A knowledge and understanding of your own personality type and that of the members of your family business can be extremely powerful in terms of the relationships you have with each other as individuals but also in terms of the personality profile of each group or system within your family business; e.g. the family-as-a-whole group, the management-as- a-whole group and the shareholders-as- a-whole group. Such knowledge is not just fascinating but is also power-fuel and highly relevant for family businesses confronting transition and succession where its relationships and complex multiple systems can easily provoke challenge and conflict. Leaders preparing for succession, or even thinking about their own future can do well to truly understand their ‘type’. And even unique leaders fall into a personality type, unconscious as that may be!

Preparing for a New Season

If you or the leader of your family business is confronting change and transition, then feeling in control of your own situation is critical. No-one likes change forced upon them. No-one likes to let go of things they love or things they have brought into the world (if you are the founder). Feeling in control, having choice for your future, clarifying a goal to aspire to, enables a sense of ambition to live on! A pragmatic process for Preparing for a New Season frees you to reveal what you can gain, what you can do next, a much healthier and more agreeable concept than feeling fearful about what you think you may be leaving behind. It can also be a relief for a founder’s or leader’s spouse to be part of such a process.

Educate Yourself

Understanding, supporting and working with your own ‘Hero’s Farewell’ leads to effective and happy family business best practice and transition. Learn about your preferred way of being and your personality profile, possibly even revealing the ‘heroic stature’ or nature of your hopes and wishes for the future. Because revealing this to yourself gives you freedom to achieve it; and because succession and transition in a family business are notoriously challenging, for all concerned. Become aware of your most likely ‘departure style’ and then decide if that really is the style you want to use as you prepare for your new season. What is the style that would most likely ensure the legacy you wish to leave behind?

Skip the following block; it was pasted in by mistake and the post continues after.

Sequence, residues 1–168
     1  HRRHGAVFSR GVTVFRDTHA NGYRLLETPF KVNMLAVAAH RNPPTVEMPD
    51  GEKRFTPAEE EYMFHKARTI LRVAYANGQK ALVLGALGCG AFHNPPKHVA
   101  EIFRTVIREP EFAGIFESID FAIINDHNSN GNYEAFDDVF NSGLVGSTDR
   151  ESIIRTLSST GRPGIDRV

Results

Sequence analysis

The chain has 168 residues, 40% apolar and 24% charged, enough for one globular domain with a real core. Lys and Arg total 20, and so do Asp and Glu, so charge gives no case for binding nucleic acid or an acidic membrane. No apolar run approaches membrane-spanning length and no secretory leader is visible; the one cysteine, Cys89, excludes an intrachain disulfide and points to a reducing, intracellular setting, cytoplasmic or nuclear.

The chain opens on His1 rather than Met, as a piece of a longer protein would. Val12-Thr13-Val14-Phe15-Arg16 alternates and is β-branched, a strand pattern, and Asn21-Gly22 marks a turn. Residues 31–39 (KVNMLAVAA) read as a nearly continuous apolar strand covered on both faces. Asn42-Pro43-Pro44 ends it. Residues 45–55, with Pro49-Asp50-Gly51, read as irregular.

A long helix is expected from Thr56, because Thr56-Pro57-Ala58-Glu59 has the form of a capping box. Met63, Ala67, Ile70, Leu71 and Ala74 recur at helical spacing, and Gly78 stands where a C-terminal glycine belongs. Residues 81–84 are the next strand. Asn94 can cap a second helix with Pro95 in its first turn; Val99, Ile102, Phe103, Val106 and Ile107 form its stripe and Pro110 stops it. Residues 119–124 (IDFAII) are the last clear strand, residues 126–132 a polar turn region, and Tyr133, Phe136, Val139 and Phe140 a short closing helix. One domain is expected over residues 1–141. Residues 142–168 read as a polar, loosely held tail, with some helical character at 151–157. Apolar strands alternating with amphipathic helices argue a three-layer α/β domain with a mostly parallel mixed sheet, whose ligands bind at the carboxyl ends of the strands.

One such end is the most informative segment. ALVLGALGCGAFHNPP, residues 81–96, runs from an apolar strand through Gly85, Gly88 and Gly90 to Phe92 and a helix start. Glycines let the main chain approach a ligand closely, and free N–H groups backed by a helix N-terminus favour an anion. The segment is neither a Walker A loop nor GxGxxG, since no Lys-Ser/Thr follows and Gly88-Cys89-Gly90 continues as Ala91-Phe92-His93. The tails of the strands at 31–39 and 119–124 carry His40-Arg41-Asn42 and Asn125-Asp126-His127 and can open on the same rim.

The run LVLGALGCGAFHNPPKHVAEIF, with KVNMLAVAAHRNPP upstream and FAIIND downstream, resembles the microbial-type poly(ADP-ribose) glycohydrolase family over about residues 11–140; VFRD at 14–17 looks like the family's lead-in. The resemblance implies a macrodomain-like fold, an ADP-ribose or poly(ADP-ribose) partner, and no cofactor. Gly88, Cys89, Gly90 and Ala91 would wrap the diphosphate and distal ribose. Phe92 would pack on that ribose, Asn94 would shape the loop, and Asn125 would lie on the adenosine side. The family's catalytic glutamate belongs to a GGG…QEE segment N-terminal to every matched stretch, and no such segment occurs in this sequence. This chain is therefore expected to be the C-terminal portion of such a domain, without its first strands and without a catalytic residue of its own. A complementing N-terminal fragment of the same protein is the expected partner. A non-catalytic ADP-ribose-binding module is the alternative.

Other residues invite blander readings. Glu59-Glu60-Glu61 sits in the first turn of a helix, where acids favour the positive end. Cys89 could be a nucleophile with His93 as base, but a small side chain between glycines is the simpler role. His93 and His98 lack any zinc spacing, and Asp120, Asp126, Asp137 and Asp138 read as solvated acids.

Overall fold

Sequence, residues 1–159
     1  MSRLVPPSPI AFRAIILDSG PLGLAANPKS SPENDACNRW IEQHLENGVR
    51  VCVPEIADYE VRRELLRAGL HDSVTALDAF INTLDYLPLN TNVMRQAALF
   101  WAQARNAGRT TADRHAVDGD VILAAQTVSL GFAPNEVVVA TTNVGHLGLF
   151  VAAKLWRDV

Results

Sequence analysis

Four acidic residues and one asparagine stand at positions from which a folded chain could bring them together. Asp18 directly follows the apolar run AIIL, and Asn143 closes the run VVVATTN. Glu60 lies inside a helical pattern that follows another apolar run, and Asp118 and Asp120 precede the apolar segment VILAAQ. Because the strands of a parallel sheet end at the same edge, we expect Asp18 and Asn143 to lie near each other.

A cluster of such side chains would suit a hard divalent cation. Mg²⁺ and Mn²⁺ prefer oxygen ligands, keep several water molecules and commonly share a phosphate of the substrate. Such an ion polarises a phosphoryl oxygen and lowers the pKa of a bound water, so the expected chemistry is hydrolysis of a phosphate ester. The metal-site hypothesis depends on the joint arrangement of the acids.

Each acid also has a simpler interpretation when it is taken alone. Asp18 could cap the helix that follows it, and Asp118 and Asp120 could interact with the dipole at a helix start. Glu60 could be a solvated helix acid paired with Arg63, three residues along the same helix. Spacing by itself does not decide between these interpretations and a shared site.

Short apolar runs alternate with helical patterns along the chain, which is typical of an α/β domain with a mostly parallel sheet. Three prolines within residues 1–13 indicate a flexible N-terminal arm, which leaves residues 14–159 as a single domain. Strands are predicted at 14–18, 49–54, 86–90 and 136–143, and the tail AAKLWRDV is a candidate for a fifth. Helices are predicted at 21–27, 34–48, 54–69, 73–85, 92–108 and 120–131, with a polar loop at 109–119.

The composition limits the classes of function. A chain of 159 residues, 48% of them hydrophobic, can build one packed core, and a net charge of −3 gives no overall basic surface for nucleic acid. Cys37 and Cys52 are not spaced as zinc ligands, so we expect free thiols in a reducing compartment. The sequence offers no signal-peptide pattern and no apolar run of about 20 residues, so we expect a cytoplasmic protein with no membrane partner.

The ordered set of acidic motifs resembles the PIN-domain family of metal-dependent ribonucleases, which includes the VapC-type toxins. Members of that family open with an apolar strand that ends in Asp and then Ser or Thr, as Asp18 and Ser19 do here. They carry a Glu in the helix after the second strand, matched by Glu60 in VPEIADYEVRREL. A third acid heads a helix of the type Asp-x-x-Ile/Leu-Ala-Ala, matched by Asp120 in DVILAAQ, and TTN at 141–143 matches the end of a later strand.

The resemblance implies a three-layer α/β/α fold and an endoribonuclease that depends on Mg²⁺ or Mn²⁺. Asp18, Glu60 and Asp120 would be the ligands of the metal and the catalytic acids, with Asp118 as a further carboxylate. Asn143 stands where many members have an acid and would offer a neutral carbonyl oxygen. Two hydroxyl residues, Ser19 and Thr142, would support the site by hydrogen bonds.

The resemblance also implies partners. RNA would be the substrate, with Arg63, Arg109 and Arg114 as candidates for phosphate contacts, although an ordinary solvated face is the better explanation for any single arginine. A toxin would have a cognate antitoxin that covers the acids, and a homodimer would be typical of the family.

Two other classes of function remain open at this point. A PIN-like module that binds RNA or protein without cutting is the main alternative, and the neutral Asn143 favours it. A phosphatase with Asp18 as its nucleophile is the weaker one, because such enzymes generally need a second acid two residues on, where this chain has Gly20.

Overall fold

What style of your departure from your family business would be most beneficial for you, the people you love and the people who will lead your family business into a successful future? Sonnenfeld believes that “The departure styles in family business successions vary greatly according to the generational stage of the enterprise.

“For first-to- second-generation transitions, we may expect Monarch profiles of exit. Firms at this stage are likely to be led by figures with strong heroic needs to create. The intra- generational sibling and cousin warfare in the second-to-third generation of a family business may give rise to a greater likelihood of a General profile of exit. The third-to-fourth generation of leadership transition is likely to display Ambassador patterns, marked by feelings of obligation to continue family values and to cautiously preserve accumulated family wealth.”

If your hero’s farewell is relevant to your family business now or in the future, give some thought to the legacy you would like to leave behind, the guiding principles/shared values of your family business and what you hope the members of your family business will say about you in the future as you prepare for and set the path for ‘your new season’.

Susan Kaye is an experienced counsellor, family mediator and family business adviser. Susan specialises in multi-generational relationships, conflict management, family and family business Values and Visions; she designed the ‘Preparing for a New Season’ process and works with leaders (and their spouses) of family businesses as they confront the changes succession brings.

Susan Kaye is Managing Director of The Challenge of Excellence